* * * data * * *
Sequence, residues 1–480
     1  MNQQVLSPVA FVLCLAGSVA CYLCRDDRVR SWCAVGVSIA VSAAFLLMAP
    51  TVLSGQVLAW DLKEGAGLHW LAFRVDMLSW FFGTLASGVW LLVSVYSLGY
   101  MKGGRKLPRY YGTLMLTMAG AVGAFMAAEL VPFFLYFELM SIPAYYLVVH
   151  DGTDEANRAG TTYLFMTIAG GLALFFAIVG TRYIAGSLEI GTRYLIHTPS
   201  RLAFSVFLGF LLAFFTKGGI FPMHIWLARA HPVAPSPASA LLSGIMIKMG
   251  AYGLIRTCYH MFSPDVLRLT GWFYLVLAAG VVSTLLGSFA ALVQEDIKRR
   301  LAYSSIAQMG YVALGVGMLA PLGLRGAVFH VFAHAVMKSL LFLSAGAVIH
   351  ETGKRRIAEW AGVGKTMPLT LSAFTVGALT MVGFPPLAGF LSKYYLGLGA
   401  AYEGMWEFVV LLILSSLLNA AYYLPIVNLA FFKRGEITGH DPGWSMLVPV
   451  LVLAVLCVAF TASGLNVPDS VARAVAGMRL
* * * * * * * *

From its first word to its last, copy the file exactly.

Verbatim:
Sequence, residues 1–480
     1  MNQQVLSPVA FVLCLAGSVA CYLCRDDRVR SWCAVGVSIA VSAAFLLMAP
    51  TVLSGQVLAW DLKEGAGLHW LAFRVDMLSW FFGTLASGVW LLVSVYSLGY
   101  MKGGRKLPRY YGTLMLTMAG AVGAFMAAEL VPFFLYFELM SIPAYYLVVH
   151  DGTDEANRAG TTYLFMTIAG GLALFFAIVG TRYIAGSLEI GTRYLIHTPS
   201  RLAFSVFLGF LLAFFTKGGI FPMHIWLARA HPVAPSPASA LLSGIMIKMG
   251  AYGLIRTCYH MFSPDVLRLT GWFYLVLAAG VVSTLLGSFA ALVQEDIKRR
   301  LAYSSIAQMG YVALGVGMLA PLGLRGAVFH VFAHAVMKSL LFLSAGAVIH
   351  ETGKRRIAEW AGVGKTMPLT LSAFTVGALT MVGFPPLAGF LSKYYLGLGA
   401  AYEGMWEFVV LLILSSLLNA AYYLPIVNLA FFKRGEITGH DPGWSMLVPV
   451  LVLAVLCVAF TASGLNVPDS VARAVAGMRL